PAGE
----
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Thursday 30 June 2011

Baboon Causes Man to Fall to His Death

(Victoria Falls)

ZAMBIAN TRAGEDY - Date: 10th June 2011 - Early in June a tragic incident occurred on the Zambian side of the Victoria Falls. Following a stand-off with a baboon, which had taken an interest in a plastic carrier bag a tourist was carrying (which we understand to have only held a camera and no food), an American tourist slipped and fell to his death from the edge of the gorge.

The baboons on the Zambian side have long been far more troublesome than their relatives on the Zimbabwe side, often hi-jacking food stuffs from local people crossing the bridge near the border post and causing problems for tourists walking between the Falls and the Hotels located very close by.

Care should be taken when encountering baboons, even in Victoria Falls town and surrounds, especially if you are walking on your own and carrying food in plastic shopping bags. A sudden snatch-and-grab attack can leave you shaken and holding a torn plastic bag with a few less items of shopping. A backpack is probably safer (and reduces the plastic rubbish created by the town) and often locals are around who will be more than happy to walk with you if you are unsure. If re-using plastic bags for carrying non-food items, ensure the bag is clean and has not recently carried fruit or other fresh food stuffs which may leave behind an inviting smell to baboons. Certainly never feed baboons or any other wild animal.

Large male baboons can be extremely powerful and intimidating, especially if running straight towards you, with obvious intent in their eyes. If you find yourself in this situation, drop the shopping bag and step away. Do not attempt to wrestle with baboons for the ownership of your bag.

Residents of Victoria Falls walk past baboons every day, often within a few metres, without event. Knowing your baboon behaviour helps, and if you can’t observe baboons in the wild, watch a few wildlife documentaries to help you read their behaviour and reactions. Animals also read our behaviour, and it is important not to show fear or panic and to walk with confidence, purpose and direction. Keep an eye on all the baboons around you but avoid prolonged direct eye contact with individuals as this can be seen as a challenge or threat.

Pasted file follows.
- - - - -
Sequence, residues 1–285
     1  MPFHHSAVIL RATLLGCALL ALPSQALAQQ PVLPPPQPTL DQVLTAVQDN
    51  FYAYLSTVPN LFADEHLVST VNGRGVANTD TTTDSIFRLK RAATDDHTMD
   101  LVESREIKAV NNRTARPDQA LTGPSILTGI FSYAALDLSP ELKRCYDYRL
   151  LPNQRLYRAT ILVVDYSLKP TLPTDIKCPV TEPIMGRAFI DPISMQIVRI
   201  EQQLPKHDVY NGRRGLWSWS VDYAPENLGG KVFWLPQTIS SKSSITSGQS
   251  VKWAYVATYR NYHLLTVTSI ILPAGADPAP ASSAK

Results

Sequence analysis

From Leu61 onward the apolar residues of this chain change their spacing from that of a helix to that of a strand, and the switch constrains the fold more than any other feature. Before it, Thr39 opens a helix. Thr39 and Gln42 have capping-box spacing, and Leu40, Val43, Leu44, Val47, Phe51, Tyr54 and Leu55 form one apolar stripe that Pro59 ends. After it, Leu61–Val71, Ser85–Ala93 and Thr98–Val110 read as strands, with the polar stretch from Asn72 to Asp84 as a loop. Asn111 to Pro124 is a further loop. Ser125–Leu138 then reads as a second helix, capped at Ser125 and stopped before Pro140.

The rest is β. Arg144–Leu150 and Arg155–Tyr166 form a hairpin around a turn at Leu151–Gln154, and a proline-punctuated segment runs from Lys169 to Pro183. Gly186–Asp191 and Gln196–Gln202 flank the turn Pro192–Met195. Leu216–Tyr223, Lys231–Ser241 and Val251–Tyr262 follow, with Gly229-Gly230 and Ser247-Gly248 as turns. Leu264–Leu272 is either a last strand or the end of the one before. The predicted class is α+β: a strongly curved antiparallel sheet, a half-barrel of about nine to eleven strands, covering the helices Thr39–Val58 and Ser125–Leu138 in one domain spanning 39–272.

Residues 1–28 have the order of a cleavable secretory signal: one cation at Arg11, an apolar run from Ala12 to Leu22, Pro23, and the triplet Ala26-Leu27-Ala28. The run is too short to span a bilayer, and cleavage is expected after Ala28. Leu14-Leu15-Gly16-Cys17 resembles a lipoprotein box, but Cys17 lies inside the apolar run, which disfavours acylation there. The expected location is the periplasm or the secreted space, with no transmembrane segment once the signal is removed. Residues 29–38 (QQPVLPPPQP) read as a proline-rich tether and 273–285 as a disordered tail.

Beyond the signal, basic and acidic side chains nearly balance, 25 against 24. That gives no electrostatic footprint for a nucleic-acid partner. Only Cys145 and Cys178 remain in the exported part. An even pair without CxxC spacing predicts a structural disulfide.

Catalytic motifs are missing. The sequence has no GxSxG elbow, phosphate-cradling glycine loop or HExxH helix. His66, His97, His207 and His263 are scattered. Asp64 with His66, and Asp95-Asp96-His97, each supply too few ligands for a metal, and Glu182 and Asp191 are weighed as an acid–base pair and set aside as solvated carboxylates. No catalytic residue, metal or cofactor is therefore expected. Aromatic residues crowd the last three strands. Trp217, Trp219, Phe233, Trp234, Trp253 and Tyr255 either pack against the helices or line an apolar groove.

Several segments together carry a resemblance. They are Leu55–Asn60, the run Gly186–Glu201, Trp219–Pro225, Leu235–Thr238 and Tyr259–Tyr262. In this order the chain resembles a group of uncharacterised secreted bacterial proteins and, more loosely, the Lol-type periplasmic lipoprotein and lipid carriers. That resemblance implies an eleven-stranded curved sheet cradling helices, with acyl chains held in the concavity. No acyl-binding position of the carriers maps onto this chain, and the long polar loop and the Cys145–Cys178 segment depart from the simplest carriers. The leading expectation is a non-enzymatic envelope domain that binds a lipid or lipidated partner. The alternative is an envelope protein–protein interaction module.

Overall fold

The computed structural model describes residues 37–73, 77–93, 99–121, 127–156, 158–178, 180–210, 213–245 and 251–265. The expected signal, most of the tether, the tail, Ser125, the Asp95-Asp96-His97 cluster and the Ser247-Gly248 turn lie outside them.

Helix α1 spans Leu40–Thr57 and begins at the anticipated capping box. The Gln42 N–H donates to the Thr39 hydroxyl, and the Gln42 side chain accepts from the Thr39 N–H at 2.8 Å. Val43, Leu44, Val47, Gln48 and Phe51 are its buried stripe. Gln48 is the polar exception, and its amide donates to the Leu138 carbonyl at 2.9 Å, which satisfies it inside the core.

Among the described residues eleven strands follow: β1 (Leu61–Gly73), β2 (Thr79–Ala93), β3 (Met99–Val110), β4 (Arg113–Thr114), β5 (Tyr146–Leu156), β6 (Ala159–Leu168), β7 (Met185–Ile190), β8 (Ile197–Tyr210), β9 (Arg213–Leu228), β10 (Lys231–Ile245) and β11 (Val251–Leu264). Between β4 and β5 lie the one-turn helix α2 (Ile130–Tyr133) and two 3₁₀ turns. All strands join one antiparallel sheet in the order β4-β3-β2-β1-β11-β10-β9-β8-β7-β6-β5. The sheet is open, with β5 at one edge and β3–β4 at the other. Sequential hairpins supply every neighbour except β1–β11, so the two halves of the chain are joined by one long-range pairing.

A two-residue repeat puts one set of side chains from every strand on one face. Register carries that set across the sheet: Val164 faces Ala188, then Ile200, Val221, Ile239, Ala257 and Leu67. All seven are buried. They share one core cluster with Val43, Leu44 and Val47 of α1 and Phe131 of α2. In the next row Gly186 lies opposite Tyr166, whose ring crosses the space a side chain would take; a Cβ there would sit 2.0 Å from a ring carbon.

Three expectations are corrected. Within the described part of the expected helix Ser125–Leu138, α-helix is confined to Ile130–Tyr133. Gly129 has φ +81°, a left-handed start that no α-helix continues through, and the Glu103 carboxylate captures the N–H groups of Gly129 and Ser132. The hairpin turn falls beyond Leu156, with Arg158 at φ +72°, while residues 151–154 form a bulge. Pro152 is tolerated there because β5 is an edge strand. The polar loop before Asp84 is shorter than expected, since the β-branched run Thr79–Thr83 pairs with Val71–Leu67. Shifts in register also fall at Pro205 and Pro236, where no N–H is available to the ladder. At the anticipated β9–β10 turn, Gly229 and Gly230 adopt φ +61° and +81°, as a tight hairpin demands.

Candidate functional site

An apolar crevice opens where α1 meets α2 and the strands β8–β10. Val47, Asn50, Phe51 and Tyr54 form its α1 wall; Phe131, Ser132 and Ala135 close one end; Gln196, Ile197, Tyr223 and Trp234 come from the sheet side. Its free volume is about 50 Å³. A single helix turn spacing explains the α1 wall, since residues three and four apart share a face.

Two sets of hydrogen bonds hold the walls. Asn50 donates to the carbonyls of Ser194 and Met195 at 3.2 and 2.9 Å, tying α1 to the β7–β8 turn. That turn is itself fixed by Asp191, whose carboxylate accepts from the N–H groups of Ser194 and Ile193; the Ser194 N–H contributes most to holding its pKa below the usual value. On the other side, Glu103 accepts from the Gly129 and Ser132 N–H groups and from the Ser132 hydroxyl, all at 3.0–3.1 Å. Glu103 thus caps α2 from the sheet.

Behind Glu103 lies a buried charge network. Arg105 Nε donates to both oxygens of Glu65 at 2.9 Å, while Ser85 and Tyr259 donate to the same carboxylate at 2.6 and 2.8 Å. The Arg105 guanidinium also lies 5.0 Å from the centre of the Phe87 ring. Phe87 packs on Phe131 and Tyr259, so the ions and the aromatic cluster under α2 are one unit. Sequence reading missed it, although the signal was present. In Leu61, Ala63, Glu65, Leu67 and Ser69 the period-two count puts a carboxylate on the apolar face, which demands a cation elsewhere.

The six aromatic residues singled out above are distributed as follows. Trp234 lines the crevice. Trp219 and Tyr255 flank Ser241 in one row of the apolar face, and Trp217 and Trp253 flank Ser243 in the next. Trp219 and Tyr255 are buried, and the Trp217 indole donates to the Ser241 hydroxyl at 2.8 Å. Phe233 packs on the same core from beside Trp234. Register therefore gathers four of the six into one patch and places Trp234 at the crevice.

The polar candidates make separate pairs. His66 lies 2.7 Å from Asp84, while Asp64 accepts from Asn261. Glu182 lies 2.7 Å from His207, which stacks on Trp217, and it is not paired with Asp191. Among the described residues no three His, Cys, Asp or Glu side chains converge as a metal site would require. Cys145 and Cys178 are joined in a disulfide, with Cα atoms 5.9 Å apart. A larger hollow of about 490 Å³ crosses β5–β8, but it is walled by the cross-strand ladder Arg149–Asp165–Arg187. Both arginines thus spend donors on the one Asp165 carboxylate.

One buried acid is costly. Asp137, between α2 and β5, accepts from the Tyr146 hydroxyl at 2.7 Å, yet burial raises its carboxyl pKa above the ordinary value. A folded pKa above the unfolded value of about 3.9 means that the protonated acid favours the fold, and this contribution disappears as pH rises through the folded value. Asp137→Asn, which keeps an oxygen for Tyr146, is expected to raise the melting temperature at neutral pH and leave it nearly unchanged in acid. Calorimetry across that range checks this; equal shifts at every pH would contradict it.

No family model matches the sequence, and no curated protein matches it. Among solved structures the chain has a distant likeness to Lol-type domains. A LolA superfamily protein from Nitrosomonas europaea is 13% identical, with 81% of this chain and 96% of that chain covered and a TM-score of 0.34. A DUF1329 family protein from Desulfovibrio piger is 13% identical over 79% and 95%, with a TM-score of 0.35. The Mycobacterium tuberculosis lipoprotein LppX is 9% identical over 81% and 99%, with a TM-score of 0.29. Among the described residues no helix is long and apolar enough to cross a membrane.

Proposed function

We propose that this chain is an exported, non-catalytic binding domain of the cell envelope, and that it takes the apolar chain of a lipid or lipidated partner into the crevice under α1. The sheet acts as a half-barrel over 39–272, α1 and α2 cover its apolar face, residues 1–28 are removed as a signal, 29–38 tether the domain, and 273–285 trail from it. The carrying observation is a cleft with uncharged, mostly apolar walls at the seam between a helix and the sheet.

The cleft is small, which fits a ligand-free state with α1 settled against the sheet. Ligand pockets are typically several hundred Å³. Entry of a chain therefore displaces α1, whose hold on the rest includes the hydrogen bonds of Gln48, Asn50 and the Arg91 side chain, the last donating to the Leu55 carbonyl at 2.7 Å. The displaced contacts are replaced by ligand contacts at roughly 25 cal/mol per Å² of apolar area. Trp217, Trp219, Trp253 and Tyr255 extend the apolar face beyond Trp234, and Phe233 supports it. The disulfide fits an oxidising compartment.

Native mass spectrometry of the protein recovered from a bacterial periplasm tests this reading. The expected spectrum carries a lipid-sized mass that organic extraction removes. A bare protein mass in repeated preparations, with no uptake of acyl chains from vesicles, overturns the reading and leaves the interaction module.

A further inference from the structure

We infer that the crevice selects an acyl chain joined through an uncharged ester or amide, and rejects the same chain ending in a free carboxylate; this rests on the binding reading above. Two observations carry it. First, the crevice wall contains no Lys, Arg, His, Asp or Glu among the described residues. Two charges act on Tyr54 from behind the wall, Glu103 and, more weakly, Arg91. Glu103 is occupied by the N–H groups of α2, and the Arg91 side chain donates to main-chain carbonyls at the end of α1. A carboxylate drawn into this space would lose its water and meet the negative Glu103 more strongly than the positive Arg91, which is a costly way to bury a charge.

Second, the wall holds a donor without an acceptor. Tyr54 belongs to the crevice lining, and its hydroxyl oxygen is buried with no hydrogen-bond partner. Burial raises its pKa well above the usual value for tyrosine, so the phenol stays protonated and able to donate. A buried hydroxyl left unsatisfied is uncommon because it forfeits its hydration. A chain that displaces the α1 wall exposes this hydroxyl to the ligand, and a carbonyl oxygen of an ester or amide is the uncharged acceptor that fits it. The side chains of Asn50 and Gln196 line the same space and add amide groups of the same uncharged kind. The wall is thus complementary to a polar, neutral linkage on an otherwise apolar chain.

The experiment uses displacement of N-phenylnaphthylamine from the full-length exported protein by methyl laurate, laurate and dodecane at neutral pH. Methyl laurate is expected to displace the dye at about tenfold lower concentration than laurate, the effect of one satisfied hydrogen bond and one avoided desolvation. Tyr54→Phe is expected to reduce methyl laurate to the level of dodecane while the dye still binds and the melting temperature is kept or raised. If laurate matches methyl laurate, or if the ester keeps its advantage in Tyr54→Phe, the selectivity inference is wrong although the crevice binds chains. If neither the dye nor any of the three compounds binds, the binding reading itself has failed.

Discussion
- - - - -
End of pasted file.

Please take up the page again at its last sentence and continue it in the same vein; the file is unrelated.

The key thing to remember in all animal close encounters is respect. Wild animals can be dangerous. However many animals will react with calm acceptance of your presence if you do not push their boundaries of tolerance. Whilst this varies with species and individuals, learning to read animal behaviour and react accordingly is a key requirement of any bush guide or ranger, or indeed anyone living in close proximity to wild animals – such as the residents of Victoria Falls.

Friday 10 June 2011

Plans approved for Victoria Falls ground

Zimbabwe's plans for a third Test ground in the country to complement those in Harare and Bulawayo are set to come to fruition after the Victoria Falls local council granted planning approval for a stadium near the iconic site. Zimbabwe Cricket chief executive Ozias Bvute and chairman of selectors Alistair Campbell confirmed the council approval, and said that construction work will begin early next year.

"This is one of the great natural wonders of the world and playing international and first-class cricket there will cause a lot of excitement among visiting players and fans," said Bvute. "Tourism is on the up in this country and sporting tourism especially so.

"We had eight or nine thousand for a recent Twenty20 tournament in Harare and that has given us additional confidence to go ahead, apart from other factors," added Campbell. "People now go to Dubai for cricket. We will soon be an alternative to that. There is a lot of vision here at the moment."

As well as hosting Tests and ODIs, the ground will also provide a second home, after Queens Sports Club in Bulawayo, for domestic side Matabeleland Tuskers. In addition, ZC are hoping that other teams - particularly English representative and county sides - will be attracted to use the facilities for pre-season tours.

Widely considered to be one of the seven natural wonders of the world, Victoria Falls sits on the Zambezi river on the border between Zambia and Zimbabwe, and is also a World Heritage site. At the height of Zimbabwe's tourism industry it attracted several hundred thousand visitors a year. Those numbers dwindled as the country's political situation deteriorated, with most travellers opting to reach the Falls through Zambia, but amid relative stability in recent years the number of tourists has started to pick up again.

Development on both the Zimbabwean and Zambian sides has not been without its problems in the past, and in 2007 plans to build 500 chalets in a national park on the Zambian side, and the collapse of infrastructure in Zimbabwe, prompted Unesco to warn that the area could lose its World Heritage status. That never happened, however, and the development of the cricket ground will utilise the latest ecologically-friendly features.

Approximations of the total capacity of the ground range between 4,000 and 12,000 and no cost estimates have been made available so far, but architects are said to be drawing up plans for a clubhouse. Once completed, it will be accessible by road, rail and air in Zimbabwe, while several airlines offer flights from Johannesburg, the journey taking under two hours.